Monday - Jan 18, 2021

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Doug’s Dynasty Den – Tight Ends

With the Ultimate Behemoth known as the WR list out, it was home free to crank out the last installment of the Dynasty Den Draft Series – Tight Ends. If like most dynasty leagues, yours requires a tight end, then don’t throw away this position on draft day. Of all the positions, this is one where you can get a solid player in the fourth round. Randy McMichael was a throw away pick in one of my dynasty leagues, fourth and final round, I think he turned out ok. Point being, most owners in your league are probably not going to research much past the top two or three tight ends. Once they are gone, they will be looking elsewhere, maybe they’ll even be wasting their picks on the defensive side of the ball. Don’t waste your picks.

A few owners in one of the leagues I Commish often ask why we both going with four rounds. These are the owners that almost always end up with high draft picks since their teams don’t do well. They throw away their picks. Now that’s not to say that every selection you make in the fourth or even third round will pan out, but why not prepare yourself so that you can get a guy that will stick around? And this is a position that you can’t simply go by the order they were taken in the NFL draft. You will be shocked as to how different my list is from how they went on NFL Draft day.

Anyway, enough about that. There are more than a few TEs out there this year that are worthy of being selected in your rookie draft. You don’t need me to tell you about the only guy that is in the Great White category since you probably already know about him. Use the rest of this list to your advantage on draft day, you might be happily surprised. As always, thanks for reading. Many have emailed me and I appreciate all the feedback even though I run short on time and can’t respond to everyone. Keep them coming, I enjoy the ‘you are a fool’ messages as much as the ‘good call on <player> messages’. Don’t miss out on your chance to sound off:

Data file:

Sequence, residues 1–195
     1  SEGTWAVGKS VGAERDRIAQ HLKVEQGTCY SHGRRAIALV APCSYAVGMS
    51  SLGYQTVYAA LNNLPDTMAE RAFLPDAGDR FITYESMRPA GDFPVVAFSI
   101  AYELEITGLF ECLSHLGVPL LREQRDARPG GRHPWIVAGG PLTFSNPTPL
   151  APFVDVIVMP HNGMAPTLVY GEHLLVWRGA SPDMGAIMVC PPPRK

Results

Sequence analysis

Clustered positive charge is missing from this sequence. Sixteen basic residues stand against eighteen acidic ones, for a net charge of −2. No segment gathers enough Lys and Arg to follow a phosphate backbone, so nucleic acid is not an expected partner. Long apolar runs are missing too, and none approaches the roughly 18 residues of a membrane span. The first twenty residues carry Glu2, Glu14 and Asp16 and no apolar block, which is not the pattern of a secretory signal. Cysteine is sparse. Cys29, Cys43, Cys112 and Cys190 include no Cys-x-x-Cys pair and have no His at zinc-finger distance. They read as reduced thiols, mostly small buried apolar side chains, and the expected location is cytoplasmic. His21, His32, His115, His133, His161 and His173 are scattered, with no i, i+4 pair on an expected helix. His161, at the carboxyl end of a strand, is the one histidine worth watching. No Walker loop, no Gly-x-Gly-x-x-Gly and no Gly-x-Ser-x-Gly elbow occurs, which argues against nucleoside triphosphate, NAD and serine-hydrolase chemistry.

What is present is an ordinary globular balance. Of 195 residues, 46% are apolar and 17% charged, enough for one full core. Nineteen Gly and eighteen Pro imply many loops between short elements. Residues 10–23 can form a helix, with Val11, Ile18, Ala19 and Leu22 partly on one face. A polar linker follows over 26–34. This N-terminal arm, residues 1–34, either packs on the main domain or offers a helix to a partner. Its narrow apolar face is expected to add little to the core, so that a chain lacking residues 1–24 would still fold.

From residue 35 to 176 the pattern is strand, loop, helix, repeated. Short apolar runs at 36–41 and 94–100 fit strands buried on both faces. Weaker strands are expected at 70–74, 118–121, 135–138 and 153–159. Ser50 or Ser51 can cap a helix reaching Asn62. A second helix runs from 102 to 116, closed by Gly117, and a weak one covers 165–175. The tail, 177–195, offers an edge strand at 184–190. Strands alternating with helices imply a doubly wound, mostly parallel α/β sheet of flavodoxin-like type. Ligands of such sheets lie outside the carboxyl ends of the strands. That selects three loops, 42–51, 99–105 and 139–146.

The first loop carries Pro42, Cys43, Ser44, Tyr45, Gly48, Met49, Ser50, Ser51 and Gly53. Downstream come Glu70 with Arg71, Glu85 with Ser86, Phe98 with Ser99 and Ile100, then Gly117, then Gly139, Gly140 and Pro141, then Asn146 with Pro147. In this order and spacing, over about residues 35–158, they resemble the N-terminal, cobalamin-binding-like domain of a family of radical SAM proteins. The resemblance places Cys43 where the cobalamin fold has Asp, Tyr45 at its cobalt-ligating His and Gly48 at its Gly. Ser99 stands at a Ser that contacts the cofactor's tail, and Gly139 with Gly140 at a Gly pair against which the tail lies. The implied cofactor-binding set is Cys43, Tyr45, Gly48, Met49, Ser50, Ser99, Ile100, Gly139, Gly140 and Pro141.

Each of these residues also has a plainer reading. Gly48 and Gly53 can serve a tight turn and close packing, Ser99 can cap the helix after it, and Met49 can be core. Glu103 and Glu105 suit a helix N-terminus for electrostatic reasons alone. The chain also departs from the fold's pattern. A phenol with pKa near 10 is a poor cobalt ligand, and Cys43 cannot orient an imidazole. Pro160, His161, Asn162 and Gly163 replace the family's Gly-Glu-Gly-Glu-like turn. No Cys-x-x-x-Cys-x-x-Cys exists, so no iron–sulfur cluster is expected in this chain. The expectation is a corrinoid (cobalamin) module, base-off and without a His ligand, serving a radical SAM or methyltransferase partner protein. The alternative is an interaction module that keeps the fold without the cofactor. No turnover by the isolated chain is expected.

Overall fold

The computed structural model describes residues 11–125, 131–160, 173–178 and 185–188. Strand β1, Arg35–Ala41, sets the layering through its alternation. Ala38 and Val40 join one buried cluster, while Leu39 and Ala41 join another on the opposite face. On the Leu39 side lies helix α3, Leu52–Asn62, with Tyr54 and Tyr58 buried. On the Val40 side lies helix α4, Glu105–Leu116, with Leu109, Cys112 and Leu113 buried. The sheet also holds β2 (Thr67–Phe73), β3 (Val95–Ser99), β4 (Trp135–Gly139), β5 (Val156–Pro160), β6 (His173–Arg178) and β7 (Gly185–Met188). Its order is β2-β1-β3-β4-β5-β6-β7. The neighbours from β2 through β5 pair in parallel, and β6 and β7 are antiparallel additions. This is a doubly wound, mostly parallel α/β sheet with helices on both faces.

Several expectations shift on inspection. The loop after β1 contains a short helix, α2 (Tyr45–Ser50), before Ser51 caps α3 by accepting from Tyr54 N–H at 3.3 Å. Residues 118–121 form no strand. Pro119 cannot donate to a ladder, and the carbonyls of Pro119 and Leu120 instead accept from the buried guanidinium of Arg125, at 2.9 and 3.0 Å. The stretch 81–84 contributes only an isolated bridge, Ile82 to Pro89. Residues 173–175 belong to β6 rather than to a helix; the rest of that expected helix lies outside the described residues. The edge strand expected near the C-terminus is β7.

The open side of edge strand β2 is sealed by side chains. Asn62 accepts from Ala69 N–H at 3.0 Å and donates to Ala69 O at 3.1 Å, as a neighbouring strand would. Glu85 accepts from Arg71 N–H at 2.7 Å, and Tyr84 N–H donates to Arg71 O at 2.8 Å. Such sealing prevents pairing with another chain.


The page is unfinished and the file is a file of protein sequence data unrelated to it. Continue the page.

Here’s a recap of the ranking categories:

Great White – Guys that have value in both the short (redraft) and long (dynasty) term
Hammerhead – Guys that may have short term value, but do have long term value
Blue – Guys that have an outside chance at helping in the short term, could have long term value
Leopard – Virtually no short term value, slight chance of having some long term value
Sand – No short term value, little to no long term value

Great White Shark
Kellen Winslow, Cleveland (1, 6, Miami)
Most of you have heard about this guy so you don’t need me telling you about his accolades and his potential to be a great TE in this league for a long time. Everything is in place for Winslow to become one of the great tight ends, Cleveland is a great spot for him. I have seen him even go as the #1 overall pick in some rookie drafts and I have to be honest with you, it’s hard to argue with the logic. If you are in a TE required league and you have starters at every position except TE, then I applaud such a decision to think outside the box. Then again, if you have the top pick in the rookie draft, you probably are not stocked at other positions, but I think you get the idea. Regardless, Winslow should be a top 5 pick in your rookie draft, anything lower and you are getting a steal. Especially if you are also in need of a QB and you’re just outside the top RBs, it would make perfect sense for you to take Winslow in the first round, then take a QB in the next round.

Hammerhead Sharks
Ben Troupe, Tennessee (2, 40, Florida)
Troupe will probably not be much of a secret, after all guys taken in the first few rounds are usually pretty well known. However, overall this was a strange NFL draft for the tight end position so you definately can’t just pick players based on the order they were picked in the real. Troupe is a guy that is also in a great situation. While I don’t see a tremendous amount of production from him in 2004, there isn’t much standing in his was for 2005 and beyond. Besides that, Tennessee has always been a fantasy friendly environment for the TE.

Matt Kranchick, Pittsburgh (6, 194, Penn State)